Cisco Systems has launched Medical Grade Networks, its blueprint of the future networking requirements for healthcare organisations to deliver e-health services.

At a May press event the US technology giant explained why it believes focusing on converged networks, able to link together voice, data and diagnostic images, provides the means to get the most out of existing legacy systems and prepare for future clinical applications such as electronic patient records and digital x-rays.

According to Kevin Dean from Cisco Systems Internet Business Solutions, healthcare systems across the globe have historically under-invested in information technology: "In some ways the industry is 10-20 years behind. I repeatedly come across healthcare systems and organisations spending less than 1% of their turnover on IT."

The problem he says is that historically it has always been IT budgets that get squeezed first to meet increases in areas like pay and drugs bills. Because healthcare is usually delivered through fragmented delivery organisations and networks it’s also usually very difficult to co-ordinate IT investments centrally.

As a result of all these factors the current state of the industry is that the sector has a lot of legacy systems, developed locally, but mostly without standards. “This means that there is a mass of data out there not in any easily accessible form."

The real challenge for healthcare in the 21st century, he said, is to connect the disparate islands of care, information, knowledge and re-engineer the processes that form the patient’s journey. Only by taking these steps will it then become possible to improve productivity, reduce costs and improve patient care.

Cisco highlighted Sana Hospital in Remscheid, Germany, as an example of a hospital that was investing heavily in a Medical Grade Network, with PACS, IP telephony and wireless capabilities to modernise healthcare services. Sama made the investment to stay competitive in the cash-strapped German hospitals sector. As a result of its investment in networks the hospital expects staff productivity to increase by 20% in 2005.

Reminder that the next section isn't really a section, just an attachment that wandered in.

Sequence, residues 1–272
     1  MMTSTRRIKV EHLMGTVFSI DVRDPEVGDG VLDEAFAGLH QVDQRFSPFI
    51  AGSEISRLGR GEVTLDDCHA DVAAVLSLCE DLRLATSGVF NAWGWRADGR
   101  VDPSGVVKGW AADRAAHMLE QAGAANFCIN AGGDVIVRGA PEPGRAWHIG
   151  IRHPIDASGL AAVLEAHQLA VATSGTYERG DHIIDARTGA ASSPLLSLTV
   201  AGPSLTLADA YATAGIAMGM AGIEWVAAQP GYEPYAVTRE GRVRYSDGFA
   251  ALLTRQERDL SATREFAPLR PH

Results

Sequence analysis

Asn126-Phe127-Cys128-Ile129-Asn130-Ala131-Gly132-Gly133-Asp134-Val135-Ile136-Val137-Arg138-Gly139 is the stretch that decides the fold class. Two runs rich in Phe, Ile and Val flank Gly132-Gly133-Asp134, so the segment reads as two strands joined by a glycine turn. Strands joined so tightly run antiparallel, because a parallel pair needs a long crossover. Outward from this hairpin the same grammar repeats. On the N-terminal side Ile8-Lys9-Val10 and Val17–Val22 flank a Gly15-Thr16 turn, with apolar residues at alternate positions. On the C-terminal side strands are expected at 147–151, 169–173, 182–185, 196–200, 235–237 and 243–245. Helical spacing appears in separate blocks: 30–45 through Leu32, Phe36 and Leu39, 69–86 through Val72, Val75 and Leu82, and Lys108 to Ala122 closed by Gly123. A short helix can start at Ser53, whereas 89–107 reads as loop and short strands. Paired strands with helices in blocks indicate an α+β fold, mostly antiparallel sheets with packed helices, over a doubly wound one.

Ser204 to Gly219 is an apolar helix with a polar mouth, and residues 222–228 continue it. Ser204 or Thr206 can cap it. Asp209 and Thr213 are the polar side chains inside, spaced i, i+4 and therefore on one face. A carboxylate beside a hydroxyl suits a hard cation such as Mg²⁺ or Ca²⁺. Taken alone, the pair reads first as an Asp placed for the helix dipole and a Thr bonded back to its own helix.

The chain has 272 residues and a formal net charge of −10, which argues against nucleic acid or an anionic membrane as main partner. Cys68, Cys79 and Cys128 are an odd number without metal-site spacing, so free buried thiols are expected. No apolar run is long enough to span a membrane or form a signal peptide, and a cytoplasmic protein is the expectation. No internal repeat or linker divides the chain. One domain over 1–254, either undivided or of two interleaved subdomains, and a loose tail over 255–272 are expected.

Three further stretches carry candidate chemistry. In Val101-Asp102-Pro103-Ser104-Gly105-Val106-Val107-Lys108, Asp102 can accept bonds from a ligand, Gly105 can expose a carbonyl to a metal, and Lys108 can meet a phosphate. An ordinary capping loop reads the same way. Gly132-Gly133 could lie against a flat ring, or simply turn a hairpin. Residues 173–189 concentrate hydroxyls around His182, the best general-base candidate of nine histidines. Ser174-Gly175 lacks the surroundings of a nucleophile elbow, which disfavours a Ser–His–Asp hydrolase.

Bjarne Kohl, chief information officer of Rigshospitalet, Denmark’s largest hospital, explained why the decision had been made to heavily invest in a state-of the-art wireless network with over 1,500 access points. Punning on the adverts for Carlsberg lager, Kohl described the network as “Probably the largest wireless hospital network in the world.”

“The main reason to do this is because our health workers are mobile and we need to support them next to the patient.” Rigshospitalet plans to implement an electronic patient record by 2007 starting with medicines management.

Kohl says the aim is replace all of the devices currently being lugged around by a clinician – PDA, mobile phone, bleep, laptop, Dictaphone – with a single mobile device providing all the applications and information they need. “The network is the pre-requisite to do this.”

Much can be achieved using existing systems, though. “Very great progress can be made by making the most of what we have already got,” said Dean. “I’m continually amazed by how much is out there already.” The starting point, he stressed is connectivity.

“Healthcare is becoming more and more connected, more and more staff require access to IT through a range of devices,” added Trine Stroemsnes, Cisco’s vertical sales manager, public sector, EMEA. She said that healthcare has already seen the greatest growth of any industry in wireless and IP phones, based on the fact that healthcare has an extremely mobile workforce.

She explained that the Medical Grade Network is based on providing a 24/7 converged network that can support the applications needed by healthcare organisations both now and in the future. Healthcare organisations need networks that are responsive, resilient, protected and interactive, said Stroemsnes.

“The Medical Grade Network needs to be ubiquitous and resilient,” added Dean.

Cisco is offering hospitals a tool called a ‘Medical Grade Network Assessment’, which provides CIOs of hospitals with a blueprint of how their IT infrastructure can support their business requirements, now, in two years and in four years. Over 30 hospitals globally have so far been through the assessment process.

One example of the type of application Medical Grade Networks support is e-radiology, an application developed to address the global shortage of radiologists. Through a secure network link, medical images from Norway are now sent to Barcelona for interpretation. “Through the network doctors in Norway now have access to more resources than they have available within their hospital,” said Stroemsnes.